Green Corridor: Lafayette Avenue/Edgewater Road This urban stormwater capture system addresses urban code requirements by constructing soil buffers and street-side plantings that are directly connected with the standard storm drains on city streets. Because of this direct connection, road and sidewalk drainage infrastructure moves stormwater directly into contact with natural biological and geochemical filters and acts to hold stormwater for plantings, and out of the combined sewer system. This project, funded by Congressman José E. Serrano's Wildlife Conservation Society-National Oceanic & Atmospheric Administration’s Lower Bronx River Partnership has produced full scale plans to retrofit a twelve hundred foot length of roadway in the Hunts Point district of the Bronx River Watershed.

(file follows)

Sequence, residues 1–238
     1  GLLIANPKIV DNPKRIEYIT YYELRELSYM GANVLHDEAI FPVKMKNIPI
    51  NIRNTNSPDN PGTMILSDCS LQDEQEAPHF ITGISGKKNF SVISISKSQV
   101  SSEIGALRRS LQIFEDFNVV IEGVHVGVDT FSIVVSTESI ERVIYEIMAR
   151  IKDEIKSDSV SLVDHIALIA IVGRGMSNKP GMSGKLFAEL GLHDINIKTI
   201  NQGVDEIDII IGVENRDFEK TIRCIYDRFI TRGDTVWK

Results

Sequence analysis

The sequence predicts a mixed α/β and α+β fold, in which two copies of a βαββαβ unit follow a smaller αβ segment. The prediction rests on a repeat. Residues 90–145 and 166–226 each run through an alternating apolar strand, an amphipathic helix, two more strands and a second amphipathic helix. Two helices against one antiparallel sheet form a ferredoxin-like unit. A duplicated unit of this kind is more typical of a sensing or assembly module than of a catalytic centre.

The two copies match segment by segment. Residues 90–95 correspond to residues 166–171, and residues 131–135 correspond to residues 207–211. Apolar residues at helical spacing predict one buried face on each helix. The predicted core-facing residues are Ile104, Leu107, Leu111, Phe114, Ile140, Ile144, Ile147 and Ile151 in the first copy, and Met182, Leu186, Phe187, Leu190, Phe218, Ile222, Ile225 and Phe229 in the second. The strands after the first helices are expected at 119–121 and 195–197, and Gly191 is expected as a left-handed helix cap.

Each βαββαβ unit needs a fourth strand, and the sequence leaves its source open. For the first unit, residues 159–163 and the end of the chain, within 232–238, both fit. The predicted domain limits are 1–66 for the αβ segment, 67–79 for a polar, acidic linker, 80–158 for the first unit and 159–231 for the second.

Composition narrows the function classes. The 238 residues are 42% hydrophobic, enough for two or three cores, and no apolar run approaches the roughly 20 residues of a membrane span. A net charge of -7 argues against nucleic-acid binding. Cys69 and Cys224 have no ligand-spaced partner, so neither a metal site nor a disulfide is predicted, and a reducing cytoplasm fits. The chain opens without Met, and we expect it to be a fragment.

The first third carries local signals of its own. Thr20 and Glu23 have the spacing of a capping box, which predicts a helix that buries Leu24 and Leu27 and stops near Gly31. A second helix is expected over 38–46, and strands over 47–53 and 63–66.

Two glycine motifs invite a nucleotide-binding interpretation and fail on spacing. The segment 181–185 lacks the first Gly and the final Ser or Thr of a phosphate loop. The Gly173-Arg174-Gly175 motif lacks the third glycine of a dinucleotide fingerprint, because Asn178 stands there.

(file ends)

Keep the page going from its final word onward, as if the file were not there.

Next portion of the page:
Green Wall: Hugo Neu Metals Recycling Facility Nugo Neu Corporation operates a six and a half acre recycling facility in Hunts Point on the Bronx River. This industrial landscape is presently under construction and modification to improve efficiencies of truck to barge transfer as part of New York City’s solid waste management plan. In addition, the facility also handles thousands of tons of metal each week. Hugo Neu is working with the Gaia Institute to capture and treat all stormwater that is generated from the site before it enters the Bronx River Estuary.

By creating a string of wetlands along the upland edge of the facility, and surrounding the entire landscape with a stormwater treatment wall to be populated with mosses and ferns, natural biogeochemical filters will be established to improve water and air quality while greatly increasing biodiversity in and around the facility and along a thousand feet of New York City roadway. This green wall is designed to remove pollutants from stormwater while increasing the aesthetics and biodiversity of an old industrial landscape while adding value to the commercial and residential properties within a few block radius of the Hugo Neu facility